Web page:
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Tradition in the making and breaking
Bill Reid Gallery
The smooth voice of legendary Haida artist Bill Reid echoes under the high ceilings of the Bill Reid Gallery of Northwest Coast Art. His larger-than-life image moves ghost-like across a movie screen. His presence is infused in the walls, in the art (look closely at the totem pole in the Audain Great Hall and Reid’s face will look back at you), and in his unearthly work that embodies the essence of mystery and culture.
Martine Reid, impossibly elegant in a mauve suit that complements her flowing blonde hair, was married to the artist for 17 years before he passed away. Today she is guiding me on a tour of the Gallery, tucked away at 639 Hornby Street in front of a beautiful green square in downtown Vancouver.
“We want it to be as if Bill were taking you by the hand and saying, ‘I’m giving you a tour of my jewellery box,’” she says in her gregarious French accent. An anthropologist and consulting curator with the Gallery, it was her gift of the Bill Reid Collection worth $3.4 million, and the support of the Federal Government, that led to the gallery’s creation.
The result is the same hushed feeling you get in Paris in the Rodin Museum, or Amsterdam at the Van Gogh Museum: as though you are in the presence of greatness. Home to the largest public collection of his works in the world, the gallery includes Reid’s eight-and-a-half metre long bronze frieze Mythic Messengers, and a full-scale totem pole carved by Reid apprentice James Hart of Haida Gwaii. The gallery takes you on a journey of Reid’s life as a 28-year-old CBC radio announcer to him becoming one of the great artists of our time -- a journey back to his roots of Haida culture and beyond.
Opened in May 2008, the Bill Reid Gallery received philanthropic support from many, including a $20,000 grant from Vancouver Foundation donors to help display the permanent collection.
“Our goal is not to create a shrine to Bill Reid,” says Martine. “What Bill did was bring back the magic; the power of the work; the well-made object by adding new skills and technologies and crossing boundaries. Many of the techniques Bill used did not exist among the Haida at all.”
Reid led a renaissance of canoe carving among the Haida, with the 50-foot Lootas created for Expo ’86 in Vancouver. Crafted with the help of several assistants in Skidegate on Haida Gwaii, Martine says, “He did it there because he wanted to train his assistants with new skills for their well-being.”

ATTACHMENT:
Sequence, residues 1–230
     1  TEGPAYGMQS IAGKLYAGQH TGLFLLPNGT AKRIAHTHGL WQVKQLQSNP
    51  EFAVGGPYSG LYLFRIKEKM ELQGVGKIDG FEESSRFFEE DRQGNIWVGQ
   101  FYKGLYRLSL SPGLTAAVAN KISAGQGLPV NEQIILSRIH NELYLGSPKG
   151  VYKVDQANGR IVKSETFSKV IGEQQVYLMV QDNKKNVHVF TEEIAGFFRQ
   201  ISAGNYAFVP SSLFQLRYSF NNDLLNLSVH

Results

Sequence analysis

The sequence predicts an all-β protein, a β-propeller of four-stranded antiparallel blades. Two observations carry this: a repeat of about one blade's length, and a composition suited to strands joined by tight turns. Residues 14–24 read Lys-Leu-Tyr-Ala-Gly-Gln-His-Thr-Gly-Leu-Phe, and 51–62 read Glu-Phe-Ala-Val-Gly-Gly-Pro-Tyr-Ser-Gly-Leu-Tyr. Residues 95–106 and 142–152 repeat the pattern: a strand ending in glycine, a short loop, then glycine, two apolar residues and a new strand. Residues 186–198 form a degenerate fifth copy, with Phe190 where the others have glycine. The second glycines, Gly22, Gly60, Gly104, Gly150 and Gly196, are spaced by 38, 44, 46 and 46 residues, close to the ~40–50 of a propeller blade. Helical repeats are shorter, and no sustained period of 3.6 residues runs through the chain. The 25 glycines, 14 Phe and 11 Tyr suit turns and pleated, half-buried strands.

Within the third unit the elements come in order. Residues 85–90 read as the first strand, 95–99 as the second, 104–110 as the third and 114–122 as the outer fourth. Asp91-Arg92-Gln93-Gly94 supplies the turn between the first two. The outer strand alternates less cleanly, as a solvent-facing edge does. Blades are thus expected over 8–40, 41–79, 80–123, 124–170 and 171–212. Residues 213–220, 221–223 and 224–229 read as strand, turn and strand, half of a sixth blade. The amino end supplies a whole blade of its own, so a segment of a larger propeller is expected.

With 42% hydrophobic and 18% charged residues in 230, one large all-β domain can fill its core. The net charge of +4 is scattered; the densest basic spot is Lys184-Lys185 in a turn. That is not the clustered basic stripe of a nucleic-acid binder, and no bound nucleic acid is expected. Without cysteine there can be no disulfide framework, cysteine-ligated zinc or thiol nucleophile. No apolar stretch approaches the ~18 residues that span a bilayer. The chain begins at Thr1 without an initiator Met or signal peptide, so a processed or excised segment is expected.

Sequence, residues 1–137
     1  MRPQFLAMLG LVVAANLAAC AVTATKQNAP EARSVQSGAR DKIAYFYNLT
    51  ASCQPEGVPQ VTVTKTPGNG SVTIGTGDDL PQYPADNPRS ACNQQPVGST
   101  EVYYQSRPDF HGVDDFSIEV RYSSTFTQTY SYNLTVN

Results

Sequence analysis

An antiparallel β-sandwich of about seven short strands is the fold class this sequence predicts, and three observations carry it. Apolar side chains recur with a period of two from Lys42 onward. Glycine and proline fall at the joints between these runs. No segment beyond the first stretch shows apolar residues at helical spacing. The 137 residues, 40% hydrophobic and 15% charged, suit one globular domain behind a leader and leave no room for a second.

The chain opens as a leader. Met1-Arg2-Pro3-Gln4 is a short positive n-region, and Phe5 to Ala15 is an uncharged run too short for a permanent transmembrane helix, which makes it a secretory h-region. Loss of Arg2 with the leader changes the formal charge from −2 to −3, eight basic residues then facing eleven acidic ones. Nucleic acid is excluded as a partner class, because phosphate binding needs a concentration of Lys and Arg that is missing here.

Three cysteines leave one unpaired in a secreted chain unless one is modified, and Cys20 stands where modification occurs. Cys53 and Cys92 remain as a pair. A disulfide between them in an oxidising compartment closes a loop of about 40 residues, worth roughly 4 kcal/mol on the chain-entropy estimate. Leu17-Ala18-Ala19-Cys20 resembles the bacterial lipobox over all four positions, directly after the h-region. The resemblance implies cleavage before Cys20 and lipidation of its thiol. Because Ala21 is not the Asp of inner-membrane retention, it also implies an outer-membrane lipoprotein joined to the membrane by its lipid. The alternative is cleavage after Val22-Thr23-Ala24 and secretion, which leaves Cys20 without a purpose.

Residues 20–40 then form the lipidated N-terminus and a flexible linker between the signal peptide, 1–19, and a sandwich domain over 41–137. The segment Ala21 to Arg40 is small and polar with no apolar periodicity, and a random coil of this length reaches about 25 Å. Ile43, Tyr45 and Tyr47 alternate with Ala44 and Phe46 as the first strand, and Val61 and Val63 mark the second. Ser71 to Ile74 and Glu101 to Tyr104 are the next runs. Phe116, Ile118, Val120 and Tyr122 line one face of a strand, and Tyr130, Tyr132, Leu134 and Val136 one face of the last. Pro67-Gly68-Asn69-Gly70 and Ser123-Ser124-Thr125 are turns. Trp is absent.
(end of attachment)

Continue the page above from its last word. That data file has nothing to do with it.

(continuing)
When Expo was over, the Haida paddled the canoe back home in a week-long journey. In 1989, Lootas went to Paris and paddled the Seine, before being displayed at the Museum of Man. When Reid died in 1998, the canoe was used to transport his ashes to Tanu, his grandmother's ancestral home. Now villages up and down the coast are carving their own canoes, says Martine.
Reid also took the jewellery-making skills he learned in London, England in 1968-69 and applied them to Haida bracelets to make the pieces more three-dimensional. He melded contemporary and traditional cultures: some of his Haida bracelets were based on tattoo designs, Martine says.
“Tradition is alive,” she exclaims. “Tradition is not something fixed. Things have always been borrowed since the beginning of time. Ideas as well as things – tangible and intangible things. This is how a culture remains alive.”
The work Bill did was not traditional, she says, but it has become traditional now.
The Gallery’s latest show, appropriately called Continuum, commissioned 23 up-and-coming Aboriginal artists to turn tradition upside down with new works of art.
Two of the artists played off Reid’s famous work at the UBC Museum of Anthropology Raven and the First Men. Heiltsuk artist Shawn Hunt’s Trickster painting depicts Raven on top of a tin of Campbell’s Soup, with the trickster smiling out from his body.
Tlingit artist Nicholas Galanin displays a roughshod rendition of Reid’s masterpiece, a contradiction to the smooth, sleek carving usually seen in Northwest Coast art. Titled Raven and the First Immigrants, Galanin outsourced the carving of this work to a chainsaw artist in Oregon. Martine says: “Nicolas is a very fine jewellery artist and we were expecting a piece of jewellery and this is what we got. But it says a lot about cultural appropriation.”
Kelly Cannell goes beyond traditional Coast Salish style by putting horses and hoof prints on her elegant rendition of a Coast Salish paddle in yellow cedar, while Heiltsuk artist Ian Reid (no relation) takes traditional Chilkat blanket designs and transposes them in black and yellow onto a raven’s beak, which has never been done before.
And then there’s Sonny Assu, a 34-year old Kwakwaka’wakw artist.
“I see Bill Reid as one of my mentors. I never met him. But I studied his work extensively,” says Sonny.
Martine gestures to Assu’s acrylic painting iPotlatch v2 10,000 Ancestors in Your Pocket which curves and undulates in pinks and reds, faintly reminiscent of Aboriginal motifs. “This doesn’t look like First Nations art, does it? It’s an indigenized iPod.”
This is the idea behind Continuum, says Martine. “They explore the traditions and rituals, but there are new ways of expressing things. We don’t want to be boxed in the past. This work shows that the Gallery is alive.”
The Bill Reid Gallery received support from the Vancouver Foundation Community Impact Fund. For information call 604-688-2204. Contact the Bill Reid Gallery at 604.682.3455 or www.billreidgallery.ca. Continuum runs until January 31, 2010.